Tree of Life & Leaves of Remembrance

Artist: Clark Wiegman
Location: Seattle, Washington, USA
Year of completion: 2012
Researcher: Jacqueline White

The world’s first permanent publicly sited homeless memorial, the bronze Tree of Life in Seattle, Washington, exemplifies a trend in public memorials. Whereas the traditional memorial extols civic pride through celebratory tributes to community pioneers, leaders, or war heroes, memorials today increasingly commemorate victims, thereby facilitating community conversations about challenging social issues.

The impetus for Tree of Life emerged from weekly silent vigils held on the steps of the Seattle Justice Center for homeless people who had died on the streets of Seattle or in surrounding King County. Observing that passersby often threw away the flyers that listed the names of the people being honored, the homeless women who organized the vigils, along with their supporters, sought to create something more lasting. Their quest became a nine-year—often-contentious—battle that involved five city departments, included three major redesigns, and culminated in the dramatic overturning, on appeal, of the Pike Place Market Historical Commission’s rejection of the Homeless Memorial Project.

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Where exactly to permanently acknowledge that some Seattle residents died without an address was a major source of the controversy. The location that was the overwhelming choice of the homeless community had been the site of a WPA soup kitchen during the Depression, but was also adjacent to Pike Place Market, the top tourist destination in the city. That the sculpture now stands, dramatically lit at night, in the corner of Victor Steinbrueck Park that is slated to serve as a gateway to a renewed central waterfront, speaks to a process that helped usher in an enlarged civic commitment to fully recognize all of Seattle’s residents.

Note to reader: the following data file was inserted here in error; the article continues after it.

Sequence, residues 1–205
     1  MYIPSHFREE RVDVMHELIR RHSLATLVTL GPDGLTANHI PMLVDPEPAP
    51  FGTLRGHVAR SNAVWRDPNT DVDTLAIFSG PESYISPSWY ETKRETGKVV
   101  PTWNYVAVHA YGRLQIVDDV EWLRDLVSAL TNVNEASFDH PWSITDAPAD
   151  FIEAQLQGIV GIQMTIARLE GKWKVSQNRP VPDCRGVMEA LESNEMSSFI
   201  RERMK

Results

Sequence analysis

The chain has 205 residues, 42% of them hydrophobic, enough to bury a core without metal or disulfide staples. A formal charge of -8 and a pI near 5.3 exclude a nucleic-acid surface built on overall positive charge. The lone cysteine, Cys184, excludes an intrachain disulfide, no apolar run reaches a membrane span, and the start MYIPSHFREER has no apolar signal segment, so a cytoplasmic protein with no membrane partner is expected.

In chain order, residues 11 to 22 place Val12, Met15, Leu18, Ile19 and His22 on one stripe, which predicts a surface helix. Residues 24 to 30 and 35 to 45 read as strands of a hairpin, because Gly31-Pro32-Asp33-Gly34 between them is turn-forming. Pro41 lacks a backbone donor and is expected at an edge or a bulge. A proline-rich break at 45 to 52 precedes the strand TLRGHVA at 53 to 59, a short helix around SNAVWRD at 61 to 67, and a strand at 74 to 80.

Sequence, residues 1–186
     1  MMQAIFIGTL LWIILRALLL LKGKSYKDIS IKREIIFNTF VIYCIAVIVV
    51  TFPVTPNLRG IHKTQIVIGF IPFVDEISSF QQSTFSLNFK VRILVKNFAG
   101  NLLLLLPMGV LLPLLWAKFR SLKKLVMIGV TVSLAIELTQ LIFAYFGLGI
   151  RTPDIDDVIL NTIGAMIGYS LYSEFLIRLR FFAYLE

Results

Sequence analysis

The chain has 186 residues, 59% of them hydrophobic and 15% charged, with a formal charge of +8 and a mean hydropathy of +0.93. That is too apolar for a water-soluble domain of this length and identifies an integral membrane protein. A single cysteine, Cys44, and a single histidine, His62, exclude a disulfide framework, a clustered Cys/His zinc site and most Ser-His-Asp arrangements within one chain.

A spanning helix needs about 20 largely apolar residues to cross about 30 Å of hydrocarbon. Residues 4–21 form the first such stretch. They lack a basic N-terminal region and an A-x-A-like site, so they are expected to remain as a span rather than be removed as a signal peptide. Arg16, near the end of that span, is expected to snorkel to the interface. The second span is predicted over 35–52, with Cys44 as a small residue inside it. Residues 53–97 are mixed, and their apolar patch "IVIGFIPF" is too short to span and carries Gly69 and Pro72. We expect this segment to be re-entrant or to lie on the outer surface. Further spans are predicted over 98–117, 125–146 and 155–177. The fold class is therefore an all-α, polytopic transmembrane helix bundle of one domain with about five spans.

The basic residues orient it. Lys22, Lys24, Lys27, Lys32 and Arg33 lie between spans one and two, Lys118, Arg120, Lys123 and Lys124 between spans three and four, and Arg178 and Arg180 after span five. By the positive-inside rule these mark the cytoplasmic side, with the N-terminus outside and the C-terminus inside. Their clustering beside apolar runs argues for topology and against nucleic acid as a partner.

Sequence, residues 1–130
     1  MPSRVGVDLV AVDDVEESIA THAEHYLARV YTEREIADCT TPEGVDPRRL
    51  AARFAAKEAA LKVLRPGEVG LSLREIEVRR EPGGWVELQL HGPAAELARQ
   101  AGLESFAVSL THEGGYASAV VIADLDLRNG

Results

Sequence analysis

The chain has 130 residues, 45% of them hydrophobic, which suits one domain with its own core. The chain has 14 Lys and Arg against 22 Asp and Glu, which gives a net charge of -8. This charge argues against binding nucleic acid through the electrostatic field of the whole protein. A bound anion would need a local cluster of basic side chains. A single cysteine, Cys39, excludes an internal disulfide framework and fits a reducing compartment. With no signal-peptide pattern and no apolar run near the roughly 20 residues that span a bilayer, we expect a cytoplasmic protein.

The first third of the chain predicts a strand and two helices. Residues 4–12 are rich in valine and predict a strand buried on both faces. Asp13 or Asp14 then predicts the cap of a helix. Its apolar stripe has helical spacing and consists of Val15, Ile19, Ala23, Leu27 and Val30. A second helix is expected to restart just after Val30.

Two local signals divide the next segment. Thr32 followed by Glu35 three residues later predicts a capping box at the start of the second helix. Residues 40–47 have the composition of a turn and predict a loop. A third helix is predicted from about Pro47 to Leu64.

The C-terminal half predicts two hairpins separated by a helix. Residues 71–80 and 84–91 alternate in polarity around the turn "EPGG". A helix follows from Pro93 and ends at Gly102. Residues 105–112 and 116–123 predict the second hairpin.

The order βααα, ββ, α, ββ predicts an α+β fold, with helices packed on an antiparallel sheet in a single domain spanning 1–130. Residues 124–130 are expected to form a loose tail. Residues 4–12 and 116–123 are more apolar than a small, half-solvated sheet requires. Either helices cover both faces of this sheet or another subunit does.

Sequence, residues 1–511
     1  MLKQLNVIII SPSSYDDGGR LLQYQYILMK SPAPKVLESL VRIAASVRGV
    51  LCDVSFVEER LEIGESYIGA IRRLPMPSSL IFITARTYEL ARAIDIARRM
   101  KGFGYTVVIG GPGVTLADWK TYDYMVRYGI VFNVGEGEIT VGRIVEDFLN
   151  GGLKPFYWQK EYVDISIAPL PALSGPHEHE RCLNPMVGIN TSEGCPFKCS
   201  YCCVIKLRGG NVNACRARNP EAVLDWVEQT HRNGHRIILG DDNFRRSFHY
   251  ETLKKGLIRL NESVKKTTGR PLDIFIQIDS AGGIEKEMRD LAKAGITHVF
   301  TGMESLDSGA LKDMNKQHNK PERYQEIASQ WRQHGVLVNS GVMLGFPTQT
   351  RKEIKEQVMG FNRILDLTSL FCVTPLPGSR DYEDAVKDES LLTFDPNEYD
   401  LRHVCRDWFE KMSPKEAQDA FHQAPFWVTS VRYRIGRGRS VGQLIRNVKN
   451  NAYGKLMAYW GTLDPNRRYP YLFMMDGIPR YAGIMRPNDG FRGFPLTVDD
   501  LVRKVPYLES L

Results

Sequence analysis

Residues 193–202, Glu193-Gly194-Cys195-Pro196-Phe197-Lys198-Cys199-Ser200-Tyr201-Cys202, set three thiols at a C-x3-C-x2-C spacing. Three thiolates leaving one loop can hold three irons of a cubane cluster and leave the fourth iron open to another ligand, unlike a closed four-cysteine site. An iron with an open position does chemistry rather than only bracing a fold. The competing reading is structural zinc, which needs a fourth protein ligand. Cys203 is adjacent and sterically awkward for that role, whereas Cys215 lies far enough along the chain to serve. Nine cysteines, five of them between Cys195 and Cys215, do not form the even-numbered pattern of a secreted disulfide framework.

The Tree of Life sculpture consists of two bronze, wing-like shapes, in which cutouts of leaves suggest a tree form. The tree rises out of a round glass plaza that showcases both the park’s original landscape and a network of roots that glow green at night.

Because a city ordinance prohibits memorials with multiple names in a city park, sculptor Clark Wiegman, landscape architect Karen Kiest, and architect Kim Lokan also created Leaves of Remembrance. The bronze leaves, which echo the cutouts in the Tree of Life, each bear the name of homeless person who has died. Scattered as if by the wind and attached by epoxy to the sidewalks, the leaves acknowledge individual lives while also reminding pedestrians of the reality of homelessness. The location of the leaves and memories about the deceased are catalogued at

Tree of Life helps facilitate ongoing rituals of grieving byserving as a public gathering place for an annual vigil, held each December, for homeless people who have died in Seattle over the preceding year. As more people die without adequate shelter, more leaves are affixed to Seattle sidewalks. Dedication ceremonies for the leaves occasion pilgrimages by family members.

For people who lacked a permanent address during their lifetime, Tree of Life and Leaves of Remembrance serve as an enduring public testimony to their inherent humanity. Because homelessness persists, the sculpture is an ongoing work in progress.

All copyright belongs to Shanghai Academy of Fine Arts, Shanghai University.

Progress Agency